This seemed worth mentioning because at this point in history, most tapping was led by the picking hand. By this I mean that the guitarists would tap a note to sound a string, and then pull off to notes fretted by the fretting hand. As a technique, this can be integrated quite quickly, because it doesn’t really require anything new in the fretted hand.
In the mid 80s, guitarists started experimenting with sounding new strings with the fretting hand rather than the picking hand. This is tricky to do because it goes against what your fretting hand is used to doing, but in theory, tapping a note with the fretting hand achieves the same thing as tapping with the picking hand, you’re still just sounding a note. This opened up a world of options, because now you could ascend and descend the neck without having to always start a string with the right hand. Early experts in this technique are obviously Tony Macalpine and Greg Howe (Kick It All Over is a great example), but if you want to see this taken to the extreme, I’d give some props to Mark’s brother Mike’s Legato records artist Scott Mishoe!
Using tapping as a guitarist
From a players perspective, tapping really helps to bring a level of speed to your licks that you might be struggling to bring to the table when combining fretting and picking, but there’s also the undeniable legato sound that not picking brings to your sound. It’s impossible to play Zakk Wylde style licks and make them sound smooth like Satriani playing, and that’s a result of the machine gun alternate picking required to play those ideas. Tapping should be learned as a tool you can pull out of your box if that’s a sound you need.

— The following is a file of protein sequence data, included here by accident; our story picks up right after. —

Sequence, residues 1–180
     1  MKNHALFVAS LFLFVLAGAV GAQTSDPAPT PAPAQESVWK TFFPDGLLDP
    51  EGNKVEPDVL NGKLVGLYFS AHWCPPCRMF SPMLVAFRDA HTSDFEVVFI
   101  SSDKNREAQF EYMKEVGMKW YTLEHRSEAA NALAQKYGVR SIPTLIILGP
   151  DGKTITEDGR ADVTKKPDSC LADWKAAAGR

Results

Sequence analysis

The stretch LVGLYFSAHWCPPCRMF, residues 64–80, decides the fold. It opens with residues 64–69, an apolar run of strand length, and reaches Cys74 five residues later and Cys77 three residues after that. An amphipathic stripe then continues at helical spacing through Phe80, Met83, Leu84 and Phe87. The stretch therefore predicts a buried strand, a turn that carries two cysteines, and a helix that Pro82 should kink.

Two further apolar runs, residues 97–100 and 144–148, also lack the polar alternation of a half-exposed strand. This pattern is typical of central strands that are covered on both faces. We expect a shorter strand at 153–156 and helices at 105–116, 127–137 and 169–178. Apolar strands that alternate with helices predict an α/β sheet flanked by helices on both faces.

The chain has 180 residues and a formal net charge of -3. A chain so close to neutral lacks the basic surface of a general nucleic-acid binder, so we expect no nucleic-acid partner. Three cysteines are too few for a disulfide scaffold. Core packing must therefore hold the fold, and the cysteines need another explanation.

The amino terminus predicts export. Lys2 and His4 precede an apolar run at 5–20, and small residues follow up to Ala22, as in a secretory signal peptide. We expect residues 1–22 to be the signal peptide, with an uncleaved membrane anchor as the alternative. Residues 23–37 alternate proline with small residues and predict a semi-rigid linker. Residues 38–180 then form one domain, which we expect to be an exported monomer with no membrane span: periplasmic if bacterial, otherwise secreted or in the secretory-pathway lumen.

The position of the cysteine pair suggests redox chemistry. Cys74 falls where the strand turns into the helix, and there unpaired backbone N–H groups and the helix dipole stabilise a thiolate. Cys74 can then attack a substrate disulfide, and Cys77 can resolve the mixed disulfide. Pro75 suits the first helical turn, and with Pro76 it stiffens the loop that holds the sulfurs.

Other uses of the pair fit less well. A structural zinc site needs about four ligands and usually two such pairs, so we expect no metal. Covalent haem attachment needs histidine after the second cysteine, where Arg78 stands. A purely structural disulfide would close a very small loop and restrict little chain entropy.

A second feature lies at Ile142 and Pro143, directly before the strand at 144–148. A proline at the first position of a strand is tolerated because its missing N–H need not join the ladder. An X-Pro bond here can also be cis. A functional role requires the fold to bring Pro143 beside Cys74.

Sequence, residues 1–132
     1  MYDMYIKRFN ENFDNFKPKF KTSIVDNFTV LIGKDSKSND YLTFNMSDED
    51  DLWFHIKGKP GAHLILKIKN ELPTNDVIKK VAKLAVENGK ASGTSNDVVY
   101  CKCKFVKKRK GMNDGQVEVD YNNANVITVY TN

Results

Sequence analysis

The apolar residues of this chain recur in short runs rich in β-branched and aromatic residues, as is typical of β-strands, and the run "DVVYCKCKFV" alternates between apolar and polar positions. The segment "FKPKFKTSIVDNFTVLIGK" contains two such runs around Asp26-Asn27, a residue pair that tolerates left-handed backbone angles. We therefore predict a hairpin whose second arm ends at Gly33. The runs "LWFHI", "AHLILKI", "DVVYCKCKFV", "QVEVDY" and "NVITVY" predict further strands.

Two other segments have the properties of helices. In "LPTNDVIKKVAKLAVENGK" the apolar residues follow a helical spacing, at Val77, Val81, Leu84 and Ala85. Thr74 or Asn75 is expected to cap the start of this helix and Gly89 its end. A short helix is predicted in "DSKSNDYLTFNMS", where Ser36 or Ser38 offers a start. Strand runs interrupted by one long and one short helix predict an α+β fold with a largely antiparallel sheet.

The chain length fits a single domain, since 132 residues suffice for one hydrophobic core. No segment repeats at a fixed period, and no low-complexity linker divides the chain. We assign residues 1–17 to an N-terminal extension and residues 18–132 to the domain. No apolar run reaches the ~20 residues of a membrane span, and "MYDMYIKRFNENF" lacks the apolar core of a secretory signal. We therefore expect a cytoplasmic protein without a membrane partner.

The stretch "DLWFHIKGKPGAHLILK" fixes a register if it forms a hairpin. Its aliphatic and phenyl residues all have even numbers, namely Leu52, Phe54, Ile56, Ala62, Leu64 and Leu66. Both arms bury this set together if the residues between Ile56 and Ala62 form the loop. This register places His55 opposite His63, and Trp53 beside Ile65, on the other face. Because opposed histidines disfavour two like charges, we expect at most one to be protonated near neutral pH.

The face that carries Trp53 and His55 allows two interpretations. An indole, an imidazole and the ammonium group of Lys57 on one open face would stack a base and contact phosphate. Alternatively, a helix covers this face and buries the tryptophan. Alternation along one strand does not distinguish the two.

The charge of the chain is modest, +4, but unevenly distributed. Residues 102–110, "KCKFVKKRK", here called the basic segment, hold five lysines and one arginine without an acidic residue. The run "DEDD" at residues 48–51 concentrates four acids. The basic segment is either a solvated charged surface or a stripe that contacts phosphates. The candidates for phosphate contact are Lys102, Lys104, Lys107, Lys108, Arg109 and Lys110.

The popularization of left hand tapping really opened the floodgates, and suddenly guitarists started exploring a new world of playing which came to be known as “touch guitar”, or 8 finger tapping. Suddenly it became apparent that you could tap with all 8 fingers on the fretboard and play the guitar more like a piano. There are some rudimentary examples of this like Joe Satriani’s Midnight, and then there’s players who made this approach their entire way of playing the guitar. For example, Stanley Jordan who plays wonderful solo guitar arrangements (sometimes using each hand on a different neck!). Other notable names in this area include Jennifer Batten, and Felix Martin, or the shredtastic TJ Helmerich
The problem with this technique is that traditionally guitarists use the fretting hand to mute unwanted string noise, so lifting this hand off the fretboard (especially with distortion!) creates a noise issue on the instrument. Some guitarists try and mitigate this with careful technique, while others opt for devices like a fret wrap or mechanical string dampener that attaches to the headstock. An interesting development showcasing how people have had to evolve the instrument with their playing style.
Tapping is an exciting technique that could change your playing in so many ways, so if you’re ready to put that other hand to work, head on over to my tapping module and I’ll take you from Van Halen to Michael Romeo!